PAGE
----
‘Pernicious’ government cuts to Universal Credit (UC), which come into force for new claims on Thursday 6 April, will push a further 200,000 children below the official poverty line, campaigners have warned today.
Analysis by the Child Poverty Action Group (CPAG) shows that limiting UC to the first two children means that parents, many of whom are in employment, are set to miss out on thousands of pounds per year.
Working families with three children will be the hardest hit, losing up to £2,780 per year as a direct result of the changes and affecting around two-thirds of all those hit by changes.
In total, the analysis estimates that 850,000 families with more than two children are likely to be affected, two-thirds of whom are working families. The policy will also affect new Child Tax Credit claims.
The child element of universal credit is currently £277.08 per month for a first or only child and £231.67 per month for second and other children.
CPAG says the cuts could create disincentives for single parents to form new, ‘blended families’, and undermine the rights of conscientious or religious parents who object to birth control.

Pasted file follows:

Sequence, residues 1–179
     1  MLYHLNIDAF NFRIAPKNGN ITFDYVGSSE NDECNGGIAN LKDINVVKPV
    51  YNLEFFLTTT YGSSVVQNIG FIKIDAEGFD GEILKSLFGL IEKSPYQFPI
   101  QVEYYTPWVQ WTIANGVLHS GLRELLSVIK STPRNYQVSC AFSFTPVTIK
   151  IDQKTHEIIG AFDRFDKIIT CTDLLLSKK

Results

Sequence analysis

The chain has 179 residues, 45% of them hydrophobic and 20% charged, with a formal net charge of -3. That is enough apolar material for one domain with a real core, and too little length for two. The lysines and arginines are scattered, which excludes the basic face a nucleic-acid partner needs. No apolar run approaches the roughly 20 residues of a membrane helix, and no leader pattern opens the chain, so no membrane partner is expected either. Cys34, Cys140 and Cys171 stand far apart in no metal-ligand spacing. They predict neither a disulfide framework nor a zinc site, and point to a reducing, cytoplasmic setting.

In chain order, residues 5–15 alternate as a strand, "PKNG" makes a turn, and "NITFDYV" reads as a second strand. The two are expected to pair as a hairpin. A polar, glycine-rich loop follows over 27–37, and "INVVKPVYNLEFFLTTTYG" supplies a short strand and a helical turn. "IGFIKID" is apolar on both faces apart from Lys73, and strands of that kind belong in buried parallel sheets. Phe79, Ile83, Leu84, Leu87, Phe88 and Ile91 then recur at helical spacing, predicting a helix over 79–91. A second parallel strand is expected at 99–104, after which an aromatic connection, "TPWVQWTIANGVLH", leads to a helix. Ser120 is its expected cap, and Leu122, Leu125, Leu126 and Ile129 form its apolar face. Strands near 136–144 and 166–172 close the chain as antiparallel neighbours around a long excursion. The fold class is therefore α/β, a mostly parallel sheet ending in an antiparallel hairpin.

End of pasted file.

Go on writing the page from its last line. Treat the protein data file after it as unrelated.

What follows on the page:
It could also penalise children in separated families who switch the parent they live with – for example to be with siblings from a certain age, or to remain in their school if one parent moves from its catchment area.
And women who conceive a third or subsequent child as a result of rape will have to prove what happened if they wish to escape the two-child cap, which CPAG says could breach their privacy rights.
Children from large families are at greater risk of poverty. An estimated 39% of children in families with three or more children live in poverty after housing costs are accounted for, compared with 26% for those in families with only one or two children.
Official poverty statistics released by the government last month revealed that 100,000 more children slipped into poverty in 2015-16, taking the UK total to around 4 million. The Institute for Fiscal Studies predicts that this is likely to continue rising in coming years, increasing by 50% by 2021.
Alison Garnham, Chief Executive of Child Poverty Action Group, said:”This is a particularly pernicious cut because it suggests some children matter more than others.
“It’s also illogical because no parent has a crystal ball. Families that can comfortably support a third child today could struggle tomorrow and have to claim universal credit because, sadly, health, jobs and relationships can fail.
“Our analysis shows another 200,000 children will be in poverty once Universal Credit is fully rolled out, directly because of this cut.
“Surely children should not have their life chances damaged because of the number of siblings they have.”